Tips for staying healthy in the hot weather

Summer is here so many people will be planning weekends away and summer day trips with their families. As temperatures increase it’s worth taking time to read the NHS sun safety advice, and get to know what health help is available nearby should it be needed.

 

Many look forward to getting out and enjoying the hot weather but it’s important to remember that it can also be dangerous and knowing how to keep cool during long periods can help save lives.

Tricia D’Orsi, Chief Nurse for Southend and Castle Point and Rochford CCGs said:

“Take some time to think about what you can do to protect yourself, your family and friends from hot weather. For some, including older people, those with underlying health conditions and young children, the summer heat can bring real health risks. That’s why we’d like everyone to look out for people you know who may be at risk this summer and where possible ask if your friends, family or neighbours need any support. Common sense is really the key to coping in the heat.”

As part of the advice about coping in hot weather, make sure you:

  • drink plenty of water and keep well hydrated
  • stay in the shade where possible between 11am – 3pm
  • take rest breaks if you’re out and about
  • wear sunscreen above SPF15 and cover up in the sun.

Key advice in hot weather includes:

  • Plan ahead to make sure you have enough supplies, such as water, food and any medications you need.
  • Avoid the heat: stay out of the sun and don’t go out between 11am and 3pm (the hottest part of the day) if you’re vulnerable to the effects of heat.
  • Drink cold drinks regularly, such as water and fruit juice. Avoid tea, coffee and alcohol. Take water with you if travelling.
  • Never leave anyone in a closed, parked vehicle, especially infants, older people, young children or animals.
  • Shut windows and pull down the shades when it is hotter outside. If it’s safe, open them for ventilation when it is cooler.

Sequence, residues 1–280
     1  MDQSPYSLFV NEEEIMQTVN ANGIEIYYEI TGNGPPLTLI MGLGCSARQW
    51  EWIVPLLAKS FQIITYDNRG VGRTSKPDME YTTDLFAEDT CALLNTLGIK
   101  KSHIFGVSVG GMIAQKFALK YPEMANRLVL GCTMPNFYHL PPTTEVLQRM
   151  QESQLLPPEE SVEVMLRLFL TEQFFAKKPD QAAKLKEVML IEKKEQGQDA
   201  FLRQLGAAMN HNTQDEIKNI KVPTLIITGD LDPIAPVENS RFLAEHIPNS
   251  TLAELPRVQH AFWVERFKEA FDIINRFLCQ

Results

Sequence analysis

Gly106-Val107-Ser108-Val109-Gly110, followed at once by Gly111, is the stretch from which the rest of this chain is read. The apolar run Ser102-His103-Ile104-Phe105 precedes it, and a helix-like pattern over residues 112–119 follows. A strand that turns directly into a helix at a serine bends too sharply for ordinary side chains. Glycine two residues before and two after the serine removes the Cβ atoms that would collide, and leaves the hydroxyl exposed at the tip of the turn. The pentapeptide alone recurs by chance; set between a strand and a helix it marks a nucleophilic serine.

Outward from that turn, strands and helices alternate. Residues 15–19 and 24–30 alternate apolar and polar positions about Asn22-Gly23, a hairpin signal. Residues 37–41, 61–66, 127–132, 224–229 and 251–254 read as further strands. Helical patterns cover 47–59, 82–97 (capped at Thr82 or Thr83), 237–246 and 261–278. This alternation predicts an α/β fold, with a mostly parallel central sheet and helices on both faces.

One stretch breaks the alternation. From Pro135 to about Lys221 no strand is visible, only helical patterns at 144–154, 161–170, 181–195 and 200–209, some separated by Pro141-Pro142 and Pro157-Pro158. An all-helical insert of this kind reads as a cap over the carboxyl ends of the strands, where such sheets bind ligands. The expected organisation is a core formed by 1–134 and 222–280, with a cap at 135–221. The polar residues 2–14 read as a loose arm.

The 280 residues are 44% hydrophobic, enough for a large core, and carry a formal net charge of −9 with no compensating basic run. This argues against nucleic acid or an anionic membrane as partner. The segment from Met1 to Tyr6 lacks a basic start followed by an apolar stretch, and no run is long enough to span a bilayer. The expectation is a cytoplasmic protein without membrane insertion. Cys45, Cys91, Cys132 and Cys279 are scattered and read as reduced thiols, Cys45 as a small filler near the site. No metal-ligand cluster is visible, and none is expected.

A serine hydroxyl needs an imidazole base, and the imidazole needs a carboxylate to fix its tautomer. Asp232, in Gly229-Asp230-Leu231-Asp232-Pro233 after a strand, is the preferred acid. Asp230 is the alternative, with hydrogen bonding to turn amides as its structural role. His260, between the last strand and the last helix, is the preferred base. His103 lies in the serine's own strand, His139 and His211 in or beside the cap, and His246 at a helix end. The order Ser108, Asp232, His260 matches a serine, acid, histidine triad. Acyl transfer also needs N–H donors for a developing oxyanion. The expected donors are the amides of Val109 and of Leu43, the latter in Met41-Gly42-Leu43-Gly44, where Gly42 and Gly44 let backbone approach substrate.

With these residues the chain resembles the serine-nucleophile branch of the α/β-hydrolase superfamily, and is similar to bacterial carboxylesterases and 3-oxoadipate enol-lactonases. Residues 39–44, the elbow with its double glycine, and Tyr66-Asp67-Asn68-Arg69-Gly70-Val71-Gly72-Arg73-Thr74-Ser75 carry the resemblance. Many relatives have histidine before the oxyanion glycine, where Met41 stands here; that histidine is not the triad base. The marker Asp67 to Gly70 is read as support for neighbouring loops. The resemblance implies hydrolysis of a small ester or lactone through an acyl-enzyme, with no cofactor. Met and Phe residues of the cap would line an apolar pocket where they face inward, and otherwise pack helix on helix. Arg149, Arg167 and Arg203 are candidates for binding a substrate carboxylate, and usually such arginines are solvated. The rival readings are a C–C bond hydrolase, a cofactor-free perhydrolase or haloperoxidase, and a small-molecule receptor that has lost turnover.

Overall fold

• Keep rooms cool by using shades or reflective material outside the windows. If this isn’t possible, use light-coloured curtains and keep them closed (metallic blinds and dark curtains can make the room hotter). Identify the coolest room in the house so you know where to go to keep cool.
  • Have cool baths or showers, and splash yourself with cool water.
  • Stay tuned to the weather forecast on the radio or TV, or at the Met Office website.
  • Wear loose, cool clothing, and a hat if you go outdoors. Wear UV sunglasses to reduce UV exposure to eyes and apply a sunscreen of at least SPF15 with UVA protection.

Where to get the right advice and treatment

As always, people are urged not to go to A&E or call 999 unless it’s an emergency. If you are in any doubt, NHS111 can help you get the right treatment or you can find more information on the NHS website.

Heatwave and protecting vulnerable people

A UK heatwave threshold is met when a location records a period of at least three consecutive days with daily maximum temperatures meeting or exceeding the heatwave temperature threshold as defined by the Met Office (27 C).

Heatwave alerts are often announced during July and August, and there is some key advice from health experts to help everyone stay safe and well in the sun.

Vulnerable people are at the most risk when temperatures start to soar. As most heat-related health problems occur in the first two days of a heatwave, it’s important to make sure we are all prepared to reduce harm from a potential heatwave. We work with Essex County Council and other partners to prepare for heatwaves and alert the public.

Who is at risk?

The heat can affect anyone, but some people may be more at risk, including:

  • older people, especially those over 75
  • babies and young children
  • people with a serious chronic condition, particularly dementia, heart, breathing or mobility problems
  • people with serious mental health problems
  • people on certain medications, including those that affect sweating and temperature control (for example diuretics, antihistamines, beta-blockers and antipsychotics)
  • people who are already ill and dehydrated (for example from gastroenteritis)
  • people who misuse alcohol or drugs
  • people who are physically active (for example soldiers, athletes, hikers and manual workers)
  • homeless people

Watch out for signs of dehydration and heat exhaustion.

The links below provide further advice about how to protect yourself and others:

If you need medical assistance and it’s not an emergency call 111 or visit the NHS.uk website.

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